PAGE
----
In his annual MLB All-Star Game press remarks, Commissioner Rob Manfred expressed a preference for Tampa over St. Pete in the new Rays ballpark quest, and yet again reiterated the need for a new Oakland A’s ballpark.
The preference seems to have been expressed a little off-the-cuff for Manfred, who admits he has not talked with Rays owner Stuart Sternberg recently. And saying the From AP:
“I have always thought that a stadium on the other side of the causeway would be preferable in some respects,” Manfred told the Baseball Writers’ Association of America on Tuesday before the All-Star Game. “But there’s a variety of factors that have to be taken into account in terms of determining whether you’re going to be in St. Pete or in Tampa: What financing is available? What sites are available? How quickly you can get in the ground? It’s not just the location.”
While St. Petersburg has made the most recent headlines about keeping the Rays, there’s still an effort underway to lure the team to Tampa. And while there’s general consensus about Tampa being a better choice, it may be that the Rays may not have the choice of a Tampa ballpark and instead the options being St. Petersburg or a new market.
Manfred expressing concern about the state and pace of talks for a new Oakland Athletics ballpark isn’t exactly new–it’s a concern expressed every few weeks in public and undoubtedly more often in MLB offices. The timing isn’t great, as the A’s have built up some momentum in gaining regulatory approvals for the $12-billion Howard Terminal complex. Here’s what he said today, per the Washington Post:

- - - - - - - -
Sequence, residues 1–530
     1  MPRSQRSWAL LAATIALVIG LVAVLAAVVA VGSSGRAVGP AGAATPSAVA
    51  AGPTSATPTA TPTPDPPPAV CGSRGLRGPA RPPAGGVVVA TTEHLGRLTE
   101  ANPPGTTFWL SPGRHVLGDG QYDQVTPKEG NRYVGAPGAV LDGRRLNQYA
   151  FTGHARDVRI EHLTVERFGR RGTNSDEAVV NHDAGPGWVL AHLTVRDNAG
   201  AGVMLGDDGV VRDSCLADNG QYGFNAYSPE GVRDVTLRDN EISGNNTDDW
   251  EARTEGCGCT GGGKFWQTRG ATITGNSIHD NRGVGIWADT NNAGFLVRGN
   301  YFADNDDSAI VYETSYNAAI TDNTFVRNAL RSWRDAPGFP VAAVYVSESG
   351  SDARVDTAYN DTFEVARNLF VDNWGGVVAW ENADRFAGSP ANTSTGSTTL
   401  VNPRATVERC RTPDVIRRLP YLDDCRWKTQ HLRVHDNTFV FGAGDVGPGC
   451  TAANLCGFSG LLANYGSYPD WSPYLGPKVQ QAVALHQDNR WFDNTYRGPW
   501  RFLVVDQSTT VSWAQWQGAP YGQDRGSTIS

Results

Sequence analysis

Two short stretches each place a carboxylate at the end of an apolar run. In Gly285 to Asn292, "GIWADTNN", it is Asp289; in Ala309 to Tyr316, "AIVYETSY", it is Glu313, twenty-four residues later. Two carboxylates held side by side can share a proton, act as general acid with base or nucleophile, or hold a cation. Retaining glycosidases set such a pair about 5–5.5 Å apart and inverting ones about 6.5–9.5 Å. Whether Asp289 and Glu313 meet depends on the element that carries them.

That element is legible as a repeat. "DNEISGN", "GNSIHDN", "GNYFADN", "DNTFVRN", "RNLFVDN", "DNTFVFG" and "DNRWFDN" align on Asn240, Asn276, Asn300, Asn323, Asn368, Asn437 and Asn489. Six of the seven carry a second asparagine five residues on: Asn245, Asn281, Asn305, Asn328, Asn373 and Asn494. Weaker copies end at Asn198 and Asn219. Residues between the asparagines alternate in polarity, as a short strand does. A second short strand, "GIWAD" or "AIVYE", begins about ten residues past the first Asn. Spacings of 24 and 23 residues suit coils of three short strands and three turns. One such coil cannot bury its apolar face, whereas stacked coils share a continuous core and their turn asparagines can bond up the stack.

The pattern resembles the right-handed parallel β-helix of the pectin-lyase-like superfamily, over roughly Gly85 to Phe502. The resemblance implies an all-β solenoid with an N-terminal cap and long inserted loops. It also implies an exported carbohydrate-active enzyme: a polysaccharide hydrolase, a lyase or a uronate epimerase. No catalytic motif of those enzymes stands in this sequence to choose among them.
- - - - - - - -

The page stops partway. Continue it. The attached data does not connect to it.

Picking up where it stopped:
“Mayor Schaaf continues to work hard to try to get an arrangement, an agreement to develop the Howard Terminal site,” Manfred said. “I’m hopeful that that can still happen. And I said this recently and I’ll repeat, it needs to happen now. It needs to be done.”….
“I think Oakland, the A’s, face an extraordinarily difficult situation. John Fisher has invested literally tens of millions of dollars over the entire period of my commissionership in an effort to get a stadium done in Oakland,” Manfred said. “I think that negativity always accompanies the situation where players are traded and a club for whatever set of reasons decides to start over. But I think bigger picture, John is committed and has invested really significant dollars in trying to get baseball in Oakland on an even footing, a sustainable footing over the long haul.”
Having said that, as the negotiators work out a deal with government officials for the development, the team has not done any favors by slashing payroll and putting a less-than-competitive team on the field. And reminding everyone that he’s making weekly Las Vegas runs is a little ham-handed on the part of A’s President Dave Kaval. Big projects take big time, and even if a new ballpark were taking out of the Howard Terminal plan, it would still take years of planning and approvals to make a $12-billion work in California. If time was really of the essence, such a historically large plan would not have been submitted.
Then again, we’re probably making more of Manfred’s comments than is really there. They don’t really impact the ongoing talks in both Oakland and Tampa, and they certainly don’t foretell an impending move from either team. We’re hearing increasing calls for a resolution to both situations mostly because MLB wants them resolved before muddying the water with expansion talk.
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